24. bioclockoff says:

    thank god someone can write about this! we had a visit from the in-laws which included their 7 year old girl (who is good), and their horrible 4.5 year old boy. It’s regrettable our nephew was such a brat! sorry but he was. whiny, screaming, tormenting our dog (while the parents, would say long snetences like”Matthew, the dog doesn’t like that blah blah”). Finally we got fed up with it and would just say “NO!!!”. The parents both work long hours, have a nanny for the children, and are of the older variety (47). Matthew was the most unpleasant child i have ever had to deal with, and when he mentioned “I like it here I want to stay”, I pushed him out the door – “Not now or ever. Go home.” The kid needs exercise, discipline, and socialization – he still even has to wear diapers at night time! The parents reaction was long winded, or they got aggro which escalated the situation…..it was super frustrating to have this in our house.It’s ok not to like bratty children, and although you hope they grow out of it, it’s the parents fault for this behavior. Just like if you have an annoying dogs that jumps on people, bites, or barks, it’s the owners fault.I wish people would stop saying “Oh s/he’s spirited, oh well”, and just deal with it as this behavior only creates entitled whiny adults with no coping skills.I can say my nephew definitely made me reconsider having children, esp. when the brother-in-law states that having children causes you to lose you identity.

  25. Truth would be best says:

    Losing friends and experiencing social rejection is exactly what is supposed to happen to a child when they behave badly towards others. One word: Consequences. No consequences means the kid learns nothing. Shame is exactly what a kid should experience if they’ve done something bad to somebody. But now parents shelter kids from that instead of letting them experience it. As for the author, she couldn’t take real action to protect her daughter from this playmate because these days it is wrong to be judgmental. We’re a more permissive society. Evie would have an important, formative moment if she were told by her mother she wasn’t allowed to play with that other little girl anymore because Evie was mean to the girl. But, a) that confrontation was avoided by the author, and b) Lisa would have sheltered Evie from it even if the author had told Lisa she didn’t want Evie to play with her daughter anymore. There’s no opportunity in here at all for Evie to learn anything.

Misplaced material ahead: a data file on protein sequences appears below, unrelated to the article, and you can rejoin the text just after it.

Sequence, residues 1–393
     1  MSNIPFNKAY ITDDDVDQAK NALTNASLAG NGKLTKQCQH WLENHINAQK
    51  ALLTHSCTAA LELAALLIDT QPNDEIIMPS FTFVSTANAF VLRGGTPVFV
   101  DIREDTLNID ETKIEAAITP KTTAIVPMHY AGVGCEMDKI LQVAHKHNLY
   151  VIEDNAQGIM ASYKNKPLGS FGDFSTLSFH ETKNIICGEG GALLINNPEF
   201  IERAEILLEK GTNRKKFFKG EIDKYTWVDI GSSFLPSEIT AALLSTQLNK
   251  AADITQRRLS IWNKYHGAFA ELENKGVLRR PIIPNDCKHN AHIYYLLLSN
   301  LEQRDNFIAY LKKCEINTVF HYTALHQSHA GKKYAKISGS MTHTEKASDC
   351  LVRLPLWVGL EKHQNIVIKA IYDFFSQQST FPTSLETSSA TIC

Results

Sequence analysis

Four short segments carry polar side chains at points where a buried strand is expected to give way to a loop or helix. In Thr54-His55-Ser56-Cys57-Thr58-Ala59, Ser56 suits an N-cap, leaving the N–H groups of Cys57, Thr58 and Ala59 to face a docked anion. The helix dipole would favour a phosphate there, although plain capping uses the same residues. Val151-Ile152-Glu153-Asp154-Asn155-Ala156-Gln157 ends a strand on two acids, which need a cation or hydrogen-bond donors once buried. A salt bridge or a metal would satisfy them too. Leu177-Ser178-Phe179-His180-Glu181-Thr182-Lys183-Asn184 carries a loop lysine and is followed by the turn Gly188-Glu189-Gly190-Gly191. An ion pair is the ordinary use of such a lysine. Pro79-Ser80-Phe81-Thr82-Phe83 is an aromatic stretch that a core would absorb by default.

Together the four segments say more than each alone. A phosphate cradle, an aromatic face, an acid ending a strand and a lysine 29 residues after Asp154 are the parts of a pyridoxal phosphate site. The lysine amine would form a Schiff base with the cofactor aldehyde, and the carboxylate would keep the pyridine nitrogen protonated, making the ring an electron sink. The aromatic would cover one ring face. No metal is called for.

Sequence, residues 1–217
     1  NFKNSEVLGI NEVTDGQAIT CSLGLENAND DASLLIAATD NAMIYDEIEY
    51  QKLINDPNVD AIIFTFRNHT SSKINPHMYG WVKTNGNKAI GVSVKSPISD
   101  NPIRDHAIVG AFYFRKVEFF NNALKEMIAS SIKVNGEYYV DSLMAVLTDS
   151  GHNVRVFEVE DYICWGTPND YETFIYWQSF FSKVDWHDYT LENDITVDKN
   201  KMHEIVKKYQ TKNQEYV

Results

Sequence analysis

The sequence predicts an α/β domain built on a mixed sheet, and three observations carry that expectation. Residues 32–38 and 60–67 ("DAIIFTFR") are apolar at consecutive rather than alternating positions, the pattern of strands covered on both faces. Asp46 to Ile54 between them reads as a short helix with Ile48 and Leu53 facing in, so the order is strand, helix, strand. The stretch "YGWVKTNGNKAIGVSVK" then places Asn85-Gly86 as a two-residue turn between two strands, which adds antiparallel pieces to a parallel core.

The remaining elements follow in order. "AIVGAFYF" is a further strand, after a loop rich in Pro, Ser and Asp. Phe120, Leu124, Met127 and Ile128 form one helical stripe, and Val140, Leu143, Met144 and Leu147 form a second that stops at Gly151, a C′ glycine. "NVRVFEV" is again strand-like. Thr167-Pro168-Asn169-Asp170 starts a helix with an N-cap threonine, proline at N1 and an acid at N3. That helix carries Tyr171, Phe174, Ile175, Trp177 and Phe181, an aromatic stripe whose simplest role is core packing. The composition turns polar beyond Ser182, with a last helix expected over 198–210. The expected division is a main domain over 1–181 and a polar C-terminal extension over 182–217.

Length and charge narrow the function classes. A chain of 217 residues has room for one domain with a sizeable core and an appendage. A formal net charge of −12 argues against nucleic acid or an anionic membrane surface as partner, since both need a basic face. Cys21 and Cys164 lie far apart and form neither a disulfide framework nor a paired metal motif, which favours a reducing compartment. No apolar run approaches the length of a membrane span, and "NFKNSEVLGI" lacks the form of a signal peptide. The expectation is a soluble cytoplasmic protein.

26. LKMom says:

    I have to wonder if you value your friendship with Lisa too much.
    How can either of you, after that slide incident, NOT do something about this child and WHY would Lisa have left her in YOUR care.
    Your a great writer but there seems to be a good bit of the story missing. This ties up too nicely in a “Evie is the devil but no one sees it but me”. If a child terrorized MY daughter, believe you me, we will NOT be playing with them anymore no matter how much I like her mother.

  27. TAP says:

    I hope you find the time to read these replies to your problem – they are all very interesting and I hope they help you to come to terms with something that can be very painful – no longer being friends with somebody because of their child! I think everybody who has replied has written the truth, depending on how they perceive the problem and I think that this is very rich and interesting and I would like to say that I learnt a lot from reading all of this!!